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Fighting For Life
Two-time Oscar-winner Terry Sanders (Maya Lin: A Strong Clear Vision) spent two years making Fighting for Life which blends coverage of the USU class of 2010 in classroom and field training environments with coverage of USU graduates treating casualties at a combat field hospital in Iraq, a surgical center in Germany, and a rehabilitation center in Maryland.
Fighting for Life is an apolitical documentary that takes no stance on the Iraqi war itself. Sanders' only apparent agenda is to make a persuasive case for the importance of the USU's mission by detailing some of the sacrifices made by the young American soldiers in blood and limbs, and the heroic efforts of the USU-trained doctors who save those soldiers' lives and try to restore them as best they can.
Sanders and his crew enjoyed great access to locales and personnel throughout, from a concrete-hardened triage center in the combat zone, to state-of-the-art operating rooms in Germany, to a gymnasium-sized rehabilitation center in the States. Sanders shows us the horrors of war in graphic detail. Many of the wounded have been disfigured by road-side bombs which mangled limbs and burned skin. The wounded are American and Iraqi soldiers, but also Iraqi civilians caught in the crossfire.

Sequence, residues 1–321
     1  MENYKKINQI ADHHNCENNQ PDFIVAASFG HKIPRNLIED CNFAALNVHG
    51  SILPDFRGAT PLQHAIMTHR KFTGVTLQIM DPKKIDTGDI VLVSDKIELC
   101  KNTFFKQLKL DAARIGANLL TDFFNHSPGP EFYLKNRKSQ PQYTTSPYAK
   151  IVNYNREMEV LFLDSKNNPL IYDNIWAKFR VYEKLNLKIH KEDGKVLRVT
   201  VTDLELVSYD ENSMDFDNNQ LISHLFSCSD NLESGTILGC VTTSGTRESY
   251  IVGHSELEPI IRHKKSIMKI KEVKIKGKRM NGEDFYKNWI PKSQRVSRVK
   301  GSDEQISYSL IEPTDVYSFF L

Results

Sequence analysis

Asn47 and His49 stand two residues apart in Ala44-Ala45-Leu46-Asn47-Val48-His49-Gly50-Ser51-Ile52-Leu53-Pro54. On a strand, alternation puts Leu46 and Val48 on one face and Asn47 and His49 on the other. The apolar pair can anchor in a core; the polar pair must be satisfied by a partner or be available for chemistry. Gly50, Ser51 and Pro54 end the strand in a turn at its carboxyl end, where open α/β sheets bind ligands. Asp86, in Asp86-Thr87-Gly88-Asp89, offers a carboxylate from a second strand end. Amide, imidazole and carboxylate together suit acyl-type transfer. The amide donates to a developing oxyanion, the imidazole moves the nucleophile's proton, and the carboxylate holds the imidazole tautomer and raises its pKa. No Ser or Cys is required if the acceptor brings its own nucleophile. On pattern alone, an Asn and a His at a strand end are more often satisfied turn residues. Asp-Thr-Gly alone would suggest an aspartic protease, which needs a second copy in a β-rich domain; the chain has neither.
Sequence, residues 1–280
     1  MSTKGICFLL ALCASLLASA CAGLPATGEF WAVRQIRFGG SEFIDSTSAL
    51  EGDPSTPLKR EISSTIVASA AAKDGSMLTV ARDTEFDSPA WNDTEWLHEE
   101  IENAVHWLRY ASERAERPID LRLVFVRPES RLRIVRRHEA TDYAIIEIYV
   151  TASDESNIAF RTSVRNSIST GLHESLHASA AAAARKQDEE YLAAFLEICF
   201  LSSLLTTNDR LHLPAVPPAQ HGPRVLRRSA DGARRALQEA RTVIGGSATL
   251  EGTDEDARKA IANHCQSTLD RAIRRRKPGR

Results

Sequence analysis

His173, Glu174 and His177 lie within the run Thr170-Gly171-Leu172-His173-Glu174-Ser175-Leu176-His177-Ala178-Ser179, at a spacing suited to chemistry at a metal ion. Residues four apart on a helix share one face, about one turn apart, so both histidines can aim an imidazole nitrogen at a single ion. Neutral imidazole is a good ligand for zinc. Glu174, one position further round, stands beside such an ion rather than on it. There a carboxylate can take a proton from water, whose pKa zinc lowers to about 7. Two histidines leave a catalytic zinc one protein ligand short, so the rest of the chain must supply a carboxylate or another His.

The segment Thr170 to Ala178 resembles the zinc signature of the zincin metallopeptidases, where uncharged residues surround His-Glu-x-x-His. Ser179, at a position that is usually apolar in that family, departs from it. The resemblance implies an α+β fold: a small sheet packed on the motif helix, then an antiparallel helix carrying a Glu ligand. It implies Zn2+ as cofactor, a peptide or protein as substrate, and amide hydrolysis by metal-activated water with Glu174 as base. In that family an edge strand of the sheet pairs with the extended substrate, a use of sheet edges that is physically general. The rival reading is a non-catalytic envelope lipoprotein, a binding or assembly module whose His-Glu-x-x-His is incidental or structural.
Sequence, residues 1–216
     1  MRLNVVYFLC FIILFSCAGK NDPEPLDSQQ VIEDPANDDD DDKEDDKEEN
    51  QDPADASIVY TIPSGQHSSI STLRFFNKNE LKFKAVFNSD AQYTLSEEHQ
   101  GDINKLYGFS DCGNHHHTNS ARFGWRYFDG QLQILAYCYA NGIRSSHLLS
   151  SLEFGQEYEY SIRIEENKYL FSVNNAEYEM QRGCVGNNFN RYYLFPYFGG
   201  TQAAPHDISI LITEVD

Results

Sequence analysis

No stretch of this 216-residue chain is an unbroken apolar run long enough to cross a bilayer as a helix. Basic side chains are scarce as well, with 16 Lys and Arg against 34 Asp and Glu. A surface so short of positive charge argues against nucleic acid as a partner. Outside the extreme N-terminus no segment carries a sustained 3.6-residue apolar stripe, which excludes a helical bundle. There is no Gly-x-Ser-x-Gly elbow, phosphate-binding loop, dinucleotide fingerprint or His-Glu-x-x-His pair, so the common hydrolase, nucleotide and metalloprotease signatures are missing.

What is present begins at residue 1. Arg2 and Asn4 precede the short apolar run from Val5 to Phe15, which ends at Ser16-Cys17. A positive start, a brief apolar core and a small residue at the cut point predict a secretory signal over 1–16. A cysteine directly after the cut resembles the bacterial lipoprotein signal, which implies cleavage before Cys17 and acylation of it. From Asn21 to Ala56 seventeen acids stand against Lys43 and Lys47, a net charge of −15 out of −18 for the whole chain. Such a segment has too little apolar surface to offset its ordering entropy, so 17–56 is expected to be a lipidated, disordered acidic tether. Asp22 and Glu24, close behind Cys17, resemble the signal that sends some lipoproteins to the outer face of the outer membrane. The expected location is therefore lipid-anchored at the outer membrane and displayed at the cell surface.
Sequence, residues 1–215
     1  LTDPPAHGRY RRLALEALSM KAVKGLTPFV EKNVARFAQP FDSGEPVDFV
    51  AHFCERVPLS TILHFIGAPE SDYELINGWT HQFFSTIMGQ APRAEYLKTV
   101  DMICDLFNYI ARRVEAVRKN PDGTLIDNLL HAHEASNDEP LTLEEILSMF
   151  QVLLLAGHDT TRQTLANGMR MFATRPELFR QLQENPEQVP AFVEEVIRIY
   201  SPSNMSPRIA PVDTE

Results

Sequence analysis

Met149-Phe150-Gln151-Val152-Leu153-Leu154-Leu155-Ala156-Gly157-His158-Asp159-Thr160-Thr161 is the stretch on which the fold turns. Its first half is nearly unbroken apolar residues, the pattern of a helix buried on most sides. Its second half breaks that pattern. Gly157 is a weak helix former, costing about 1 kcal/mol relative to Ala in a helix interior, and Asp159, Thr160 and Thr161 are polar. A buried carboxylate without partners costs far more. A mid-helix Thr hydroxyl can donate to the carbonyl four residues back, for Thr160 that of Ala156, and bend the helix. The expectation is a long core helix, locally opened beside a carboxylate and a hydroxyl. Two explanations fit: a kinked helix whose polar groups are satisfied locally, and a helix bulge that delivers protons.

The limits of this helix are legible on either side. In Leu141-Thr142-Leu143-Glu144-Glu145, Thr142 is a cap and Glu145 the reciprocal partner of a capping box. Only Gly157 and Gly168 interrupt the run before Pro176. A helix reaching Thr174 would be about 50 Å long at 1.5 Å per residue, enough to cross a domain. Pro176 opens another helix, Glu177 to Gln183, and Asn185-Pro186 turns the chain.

Fighting for Life is presented without narration and the camera work is loose and spontaneous. This is both the film's strength and its weakness. The documentary is refreshingly guided by the events and people with a minimum of contrivance, but there's also a sense that the pacing and editing don't fully succeed. The film starts strongly enough with medical students at the OSU campus, but once the film has moved on to the twisted and broken bodies of war, returning to the OSU students doing mock field exercises drains away much of the film's emotional charge.
Fighting for Life was recorded on digital video and is anamorphically presented in its original aspect ratio of 1.78:1. Image quality varies a bit with softness being the most frequent problem, but overall quality is good for an independent documentary of this nature. Colors are slightly muted, but consistent.
The 2.0 DD audio is above average with dialogue almost always clear and steady. Subtitles are not offered.
Fighting for Life is first and foremost an advocacy film for the importance of the Uniformed Services University of the Health Sciences' mission of training military doctors, but it also offers very fine coverage of the men and women who serve in the American Armed Forces - those who risk their lives on the battlefield, and those caregivers dedicated to saving lives and restoring health, often under arduous conditions.
Refreshingly apolitical, Fighting for Life is recommended viewing for everyone.